Jenny: A Character Analysis


This paper is a two-part personality analysis of Jenny’s character in the movie Forrest Gump. Jenny is the lead character’s childhood friend who, as a child, is sexually and physically abused by her own father and, as a young adult, gets into drug addiction and attempts suicide, and eventually succumbs to an early death, leaving behind Forrest and their only son.

Section I looks at Jenny from the points of view of Social Cognitive and Psychodynamic theories. Section II is an in-depth analysis of Jenny’s personality using Social Cognitive Theory.


Section I:       Character Personality Matrix

Theory Major Components
Structure Process Growth and Development Psychopathology Change

Social Cognitive Theory


Jenny has a talent in singing but has poor self-perception, low self-efficacy and does not have goals.


Jenny lacks self-regulation.



Jenny has a mal-adaptive personality which is a result of her low self-efficacy. She could have learned her anti-social or maladaptive behavior (drug use, being associated with anti-social peers, and suicidal tendencies, among others) through observation from models as well as through direct experience.

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She was brought up by an abusive father, she has witnessed aggression (she was present when Forrest was bullied by the kids at school) and, as a grown-up, been a direct recipient of an aggressive behavior (she was hit in the face by her boyfriend in the Blank Panther party).



Jenny’s maladaptive behavior is a result of dysfunctional learning — she has observed and directly experienced inadequate or sick models (his father and his peers) — and maintained this kind of learning through reinforcement.

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She seems to have a phobia in relationship, that’s why she keeps running from Forrest who loves her and whom she professes to love.


Jenny shows a remarkably altered behavior toward the end of the movie — the result of her acquiring new thought patterns and behavior, and improved self-efficacy.

Psychodynamic Theory Jenny has a weakened ego caused by an internal conflict. Jenny is suffering from anxiety caused by earlier trauma (her traumatic experience with her father, and even her experience of witnessing traumatic events happen to Forrest). Jenny is living in a distorted reality. She has learned to repress her emotions. She may also be living in denial of her traumatic past. Jenny’s maladaptive behavior from young adulthood and into adulthood are mainly caused by her traumatic experiences when she was a young girl (that is, the physical and sexual abuse she received from her father). Jenny exhibits a conflict of wishes and fears. She has carried over into adulthood her childhood wishes and dreams. Jenny’s altered behavior toward the end of the movie may be the result of undergoing cathartic hypnosis or free-association method.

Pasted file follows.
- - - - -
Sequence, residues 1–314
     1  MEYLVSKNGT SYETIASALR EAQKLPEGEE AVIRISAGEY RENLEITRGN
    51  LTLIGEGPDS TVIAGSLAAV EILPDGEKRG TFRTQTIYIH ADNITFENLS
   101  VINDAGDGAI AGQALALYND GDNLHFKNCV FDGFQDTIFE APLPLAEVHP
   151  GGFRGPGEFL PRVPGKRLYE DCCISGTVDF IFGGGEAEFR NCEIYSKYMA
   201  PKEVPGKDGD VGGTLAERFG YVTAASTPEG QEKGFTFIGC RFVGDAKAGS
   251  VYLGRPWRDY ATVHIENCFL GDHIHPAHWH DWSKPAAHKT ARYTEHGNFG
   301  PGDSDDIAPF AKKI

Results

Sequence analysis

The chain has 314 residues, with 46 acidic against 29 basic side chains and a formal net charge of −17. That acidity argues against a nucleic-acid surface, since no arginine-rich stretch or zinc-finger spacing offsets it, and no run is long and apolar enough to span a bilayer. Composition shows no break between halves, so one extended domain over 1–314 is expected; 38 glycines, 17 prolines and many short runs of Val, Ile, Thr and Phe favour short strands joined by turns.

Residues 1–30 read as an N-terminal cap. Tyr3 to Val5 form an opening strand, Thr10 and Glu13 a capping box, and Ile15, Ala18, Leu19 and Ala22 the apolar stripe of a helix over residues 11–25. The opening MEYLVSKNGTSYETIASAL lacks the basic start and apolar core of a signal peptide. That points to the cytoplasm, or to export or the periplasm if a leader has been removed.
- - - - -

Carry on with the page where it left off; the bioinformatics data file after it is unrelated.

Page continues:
Section II:      Application of Personality Theory


Theory Description and Rationale

Social cognitive theory is a personality theory proposed by Albert Bandura and Richard Walters in 1963. Taking its roots from the social learning theory proposed by Neal Miller and John Dollard in 1941, it views people as “neither driven by inner forces nor automatically shaped and controlled by external stimuli… [but are] active agents who exercise some influence over their own motivation and actions,” (Bandura, 1986, p. 18, 225). It views people as “self-organizing, proactive, self-reflecting and self-regulating rather than as reactive organisms shaped and shepherded by environmental forces or driven by concealed inner impulses,” and human processes as “the product of a dynamic interplay of personal, behavioral, and environmental influences,” (Fajares, 2002).

What’s good about the theory is that it takes into account the individual’s beliefs and expectations. It emphasizes that although reinforcement and punishment affect motivation, they do not directly cause behavior. According to the theory, the beliefs that people have about themselves are critical in their response to situations.

People are both products and producers of their own environments and of their social systems, and, though they are influenced by their environment, their interpretations of their situations greatly shape their behavior. Humans, in the view of the theory, posses intricate capabilities that define what it is to be human. They can symbolize and deduct meanings from symbols, learn, self-regulate, and self-reflect, among other things, and these capabilities help them define their own personality (Fajares, 2002).